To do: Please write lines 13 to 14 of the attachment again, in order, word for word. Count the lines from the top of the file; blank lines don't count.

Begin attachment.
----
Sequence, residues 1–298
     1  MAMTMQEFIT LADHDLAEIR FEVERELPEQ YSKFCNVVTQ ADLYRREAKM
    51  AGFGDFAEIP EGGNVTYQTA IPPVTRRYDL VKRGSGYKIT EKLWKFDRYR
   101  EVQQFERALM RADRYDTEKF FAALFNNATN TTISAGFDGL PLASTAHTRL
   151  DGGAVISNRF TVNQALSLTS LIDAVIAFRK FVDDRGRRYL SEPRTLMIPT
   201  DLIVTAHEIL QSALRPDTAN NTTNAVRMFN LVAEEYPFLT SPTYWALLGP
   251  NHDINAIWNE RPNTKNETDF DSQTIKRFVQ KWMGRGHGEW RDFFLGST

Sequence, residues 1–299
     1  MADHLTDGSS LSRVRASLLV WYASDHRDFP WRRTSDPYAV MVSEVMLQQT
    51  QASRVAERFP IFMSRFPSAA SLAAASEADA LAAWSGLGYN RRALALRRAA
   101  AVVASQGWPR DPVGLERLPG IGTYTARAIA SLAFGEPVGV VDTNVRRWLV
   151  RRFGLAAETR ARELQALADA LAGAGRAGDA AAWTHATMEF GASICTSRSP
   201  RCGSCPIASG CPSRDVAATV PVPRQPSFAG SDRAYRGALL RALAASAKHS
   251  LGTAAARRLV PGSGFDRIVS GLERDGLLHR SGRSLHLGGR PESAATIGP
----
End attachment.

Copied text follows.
   201  RCGSCPIASG CPSRDVAATV PVPRQPSFAG SDRAYRGALL RALAASAKHS
   251  LGTAAARRLV PGSGFDRIVS GLERDGLLHR SGRSLHLGGR PESAATIGP